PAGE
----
Bananas Foster does not call for many ingredients. It is simply sugar, butter, cinnamon, bananas, rum, and banana liqueur. It all gets sautéed together before the big event — the flambée. This can be a bit of a frightening culinary experience for first-timers, but the bananas will be okay, and so will your kitchen as long as you take the proper precautions when working with fire. With this dessert, you get a treat and a science experiment all in one, while using up those extra bananas you have sitting around.

Dairy-free banana ice cream

Did you know that bananas are ideally suited for making ice cream? And yes, while they are delicious in traditional ice cream, we mean simple, one-ingredient ice cream.

You see, bananas are super creamy and sweet on their own. They do not need extra ingredients in them to create a smooth and rich-tasting dessert. Simply take overripe bananas — and remember, the riper, the sweeter – and freeze them. Then blend them until they create a smooth, soft-serve-like consistency. You may think this could never possibly make a good result. But trust us, it works.

The best part is that you can add extra ingredients to make whatever flavor combination you want, like mixed fruit or banana chocolate ice cream. And as bananas are so mildly flavored, they pair with just about anything. If you prefer to stick with something simple, try sprucing up your banana ice cream with a hint of nutmeg and salt.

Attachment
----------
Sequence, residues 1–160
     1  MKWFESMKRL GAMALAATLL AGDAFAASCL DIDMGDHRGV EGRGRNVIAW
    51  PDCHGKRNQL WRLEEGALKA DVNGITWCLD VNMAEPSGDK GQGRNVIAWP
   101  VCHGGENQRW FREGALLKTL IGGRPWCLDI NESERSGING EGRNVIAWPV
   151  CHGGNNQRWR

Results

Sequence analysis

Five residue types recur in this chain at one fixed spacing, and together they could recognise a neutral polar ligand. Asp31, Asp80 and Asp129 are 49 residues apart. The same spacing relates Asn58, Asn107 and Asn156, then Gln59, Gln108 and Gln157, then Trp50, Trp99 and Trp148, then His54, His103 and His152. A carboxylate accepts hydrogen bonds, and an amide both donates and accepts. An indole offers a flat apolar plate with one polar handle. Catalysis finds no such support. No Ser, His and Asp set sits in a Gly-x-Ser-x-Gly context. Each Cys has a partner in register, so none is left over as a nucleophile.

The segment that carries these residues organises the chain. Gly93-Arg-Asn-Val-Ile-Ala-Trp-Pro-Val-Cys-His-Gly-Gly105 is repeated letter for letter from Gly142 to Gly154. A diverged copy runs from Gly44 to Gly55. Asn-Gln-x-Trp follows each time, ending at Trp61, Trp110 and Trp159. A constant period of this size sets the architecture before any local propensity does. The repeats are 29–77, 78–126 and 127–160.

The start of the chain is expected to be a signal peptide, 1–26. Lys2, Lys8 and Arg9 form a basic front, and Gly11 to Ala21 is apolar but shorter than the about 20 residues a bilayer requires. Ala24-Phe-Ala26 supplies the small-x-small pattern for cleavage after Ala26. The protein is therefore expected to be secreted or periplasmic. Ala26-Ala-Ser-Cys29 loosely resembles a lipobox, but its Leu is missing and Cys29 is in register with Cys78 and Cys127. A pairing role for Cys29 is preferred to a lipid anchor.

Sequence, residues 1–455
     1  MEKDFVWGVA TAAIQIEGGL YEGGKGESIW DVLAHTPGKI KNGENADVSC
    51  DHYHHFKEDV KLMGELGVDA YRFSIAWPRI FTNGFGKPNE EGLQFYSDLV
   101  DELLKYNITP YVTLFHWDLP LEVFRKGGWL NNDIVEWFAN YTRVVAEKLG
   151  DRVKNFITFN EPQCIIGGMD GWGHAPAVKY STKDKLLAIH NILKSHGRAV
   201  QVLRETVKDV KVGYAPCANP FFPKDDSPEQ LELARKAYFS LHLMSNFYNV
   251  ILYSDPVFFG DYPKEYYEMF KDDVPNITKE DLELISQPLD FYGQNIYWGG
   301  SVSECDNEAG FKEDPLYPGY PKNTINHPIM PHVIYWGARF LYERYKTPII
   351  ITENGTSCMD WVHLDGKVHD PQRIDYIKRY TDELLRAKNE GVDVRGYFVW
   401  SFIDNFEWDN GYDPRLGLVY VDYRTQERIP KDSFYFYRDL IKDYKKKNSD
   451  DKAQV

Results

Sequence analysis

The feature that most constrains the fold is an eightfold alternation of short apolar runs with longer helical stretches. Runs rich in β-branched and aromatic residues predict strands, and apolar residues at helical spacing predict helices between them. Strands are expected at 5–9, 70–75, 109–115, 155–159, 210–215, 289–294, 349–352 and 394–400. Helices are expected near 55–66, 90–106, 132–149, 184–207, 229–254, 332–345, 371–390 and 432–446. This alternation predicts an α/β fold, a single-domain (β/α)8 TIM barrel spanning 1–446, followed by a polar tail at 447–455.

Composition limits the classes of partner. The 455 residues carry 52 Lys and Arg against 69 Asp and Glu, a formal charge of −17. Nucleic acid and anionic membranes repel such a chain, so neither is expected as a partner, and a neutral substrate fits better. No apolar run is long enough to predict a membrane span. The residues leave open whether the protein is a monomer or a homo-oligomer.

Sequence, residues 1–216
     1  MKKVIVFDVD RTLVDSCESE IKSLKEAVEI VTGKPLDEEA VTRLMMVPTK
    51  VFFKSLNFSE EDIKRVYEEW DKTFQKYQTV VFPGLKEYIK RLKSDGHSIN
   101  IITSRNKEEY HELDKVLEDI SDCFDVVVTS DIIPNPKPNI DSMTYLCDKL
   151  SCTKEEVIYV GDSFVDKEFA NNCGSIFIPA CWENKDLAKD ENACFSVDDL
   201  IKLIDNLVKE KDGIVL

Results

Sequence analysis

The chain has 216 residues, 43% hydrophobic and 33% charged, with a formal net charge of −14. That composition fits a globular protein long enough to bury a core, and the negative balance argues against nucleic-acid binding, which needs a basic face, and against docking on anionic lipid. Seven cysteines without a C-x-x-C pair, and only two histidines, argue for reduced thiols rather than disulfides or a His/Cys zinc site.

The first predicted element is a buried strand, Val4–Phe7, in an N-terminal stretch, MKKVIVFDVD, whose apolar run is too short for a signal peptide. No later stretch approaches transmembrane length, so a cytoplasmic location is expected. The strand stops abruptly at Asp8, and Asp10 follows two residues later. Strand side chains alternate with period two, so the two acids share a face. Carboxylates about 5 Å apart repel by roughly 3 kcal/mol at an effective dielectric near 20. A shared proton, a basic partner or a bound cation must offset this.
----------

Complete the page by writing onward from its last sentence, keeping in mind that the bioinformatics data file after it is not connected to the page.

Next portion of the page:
Banana Muffin

Muffins are a great way to get all the joys of snacks in one easy-to-handle item. No more cutting and measuring; simply grab a muffin, and you are on your way.

As a food that can be used in both sweet and savory recipes, bananas are the perfect addition to muffins. As we mentioned earlier, their natural binding ability makes them a substitute for eggs in baked goods. Using bananas will also add a healthy dose of fruit to your muffins.

If you are not looking to sub out an ingredient for bananas in your muffins, do not fear. There are so many great banana muffin recipes out there that you are sure to find one to suit your taste. From vegan banana chocolate chip muffins to almond butter banana muffins to roasted banana muffins, and everything in between, you can find a banana muffin recipe that uses as much or as little banana as you want. You'll be sure to enjoy these sweet treats once they're done baking.

Banana chips